Publicly financed police and court employees have become private debt collectors for predatory lenders in several states.
To most of us, "debtors' prison" sounds like an archaic institution, something straight out of a Dickens novel. But the idea of jailing people who can't pay what they owe is alive and well in 21st-century America.
Those who view debt with a smiley face as the royal road to wealth accumulation and tend to be forgiven if their default is large enough almost invariably come from the top rungs of the economic hierarchy. Then there are the rest of us,...
According to a report in The Wall Street Journal, debt collectors in Missouri, Illinois, Alabama and other states are using a legal loophole to justify jailing poor citizens who legitimately cannot pay their debts.
Here's how clever payday lenders work the system in Missouri -- where, it should be noted, jailing someone for unpaid debts is illegal under the state constitution.
First, explains St. Louis Post-Dispatch, the creditor gets a judgment in civil court that a debtor hasn't paid a sum that he owes. Then, the debtor is summoned to court for an "examination": a review of their financial assets.
If the debtor fails to show up for the examination -- as often happens in such cases -- the creditor can ask for a "body attachment" -- essentially, a warrant for the debtor's arrest. At that point, the police can haul the debtor in and jail them until there's a court hearing, or until they pay the bond. No coincidence, the bond is usually set at the amount of the original debt.
Many of the victims, Madigan noted at the time, were living on funds that are legally protected from being used for outstanding debt judgments, such as Social Security, unemployment insurance or veterans' benefits. In one case she cited, an Illinois court brought a "pay or appear" order against a mentally disabled man living on legally protected disability benefits of $690 a month. The man told the court of his circumstances but was still ordered to pay $100 a month or appear in court once a month for a three-year period.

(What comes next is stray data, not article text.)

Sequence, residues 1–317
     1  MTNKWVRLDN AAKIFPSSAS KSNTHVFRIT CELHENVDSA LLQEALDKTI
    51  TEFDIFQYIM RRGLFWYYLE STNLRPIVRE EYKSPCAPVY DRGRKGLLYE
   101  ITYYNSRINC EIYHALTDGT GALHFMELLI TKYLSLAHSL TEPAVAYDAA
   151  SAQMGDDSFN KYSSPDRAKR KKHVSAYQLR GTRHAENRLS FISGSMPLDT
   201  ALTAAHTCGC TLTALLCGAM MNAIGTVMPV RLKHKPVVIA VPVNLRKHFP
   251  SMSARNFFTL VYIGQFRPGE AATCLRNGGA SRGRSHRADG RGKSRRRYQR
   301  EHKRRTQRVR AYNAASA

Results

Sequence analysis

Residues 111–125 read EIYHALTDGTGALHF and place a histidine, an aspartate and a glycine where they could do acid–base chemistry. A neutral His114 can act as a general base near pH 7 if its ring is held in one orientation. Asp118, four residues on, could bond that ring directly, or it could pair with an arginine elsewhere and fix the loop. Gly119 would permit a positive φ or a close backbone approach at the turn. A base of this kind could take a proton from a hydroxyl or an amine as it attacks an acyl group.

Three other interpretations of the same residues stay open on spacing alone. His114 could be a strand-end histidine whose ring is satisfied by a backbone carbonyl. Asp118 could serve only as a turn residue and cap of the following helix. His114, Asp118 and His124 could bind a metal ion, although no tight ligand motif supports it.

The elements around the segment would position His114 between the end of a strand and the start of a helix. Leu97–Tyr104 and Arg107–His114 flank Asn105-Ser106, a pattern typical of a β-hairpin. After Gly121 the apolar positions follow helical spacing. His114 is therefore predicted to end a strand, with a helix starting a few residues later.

"It is outrageous to think in this day and age that creditors are manipulating the courts, even threatening jail time, to extract whatever they could from people who could least afford to pay,"... [emphasis mine]
Minnesota Public Radio recently reported on proposed legislation in Minnesota that would place more restrictions on debt buying:
Apparently this debt isn't even owed by the person who is being prosecuted, who often doesn't even know that they're being prosecuted, or that the debt has become attached to their name. If the person accused doesn't show up in court (who often doesn't even know about the case against them), many judges will automatically rule in favor of the plaintiff, which is not legal.
Under the new proposed legislation, the debt buyer must:
That sounds to me like meeting the minimum burden of proof. I don't know what it's like in other states, or if similar legislation exists elsewhere, but that creditors wouldn't have to provide solid evidence for prosecuting otherwise innocent people is frightening and appalling.
I hope this passes. As you say, it meets minimum burden of proof which should have already been used in a system of justice.
Debt collection agencies abuse laws.
Debtor prisons are also on the rise thanks to the zeal of private companies that “file lawsuits against debtors and often fail to serve them with notice of court dates or intentionally serve them at incorrect addresses,” as the Brennan Center for Justice’s Inimai Chettiar noted. “When debtors do not show up, agencies procure arrest warrants from courts, leading to incarceration of the debtors. Bail is usually set at an amount equal to or higher than the original fees and fines they defendants couldn’t pay in the first place. All this has amounted to a return of debtors prisons.” [emphasis mine]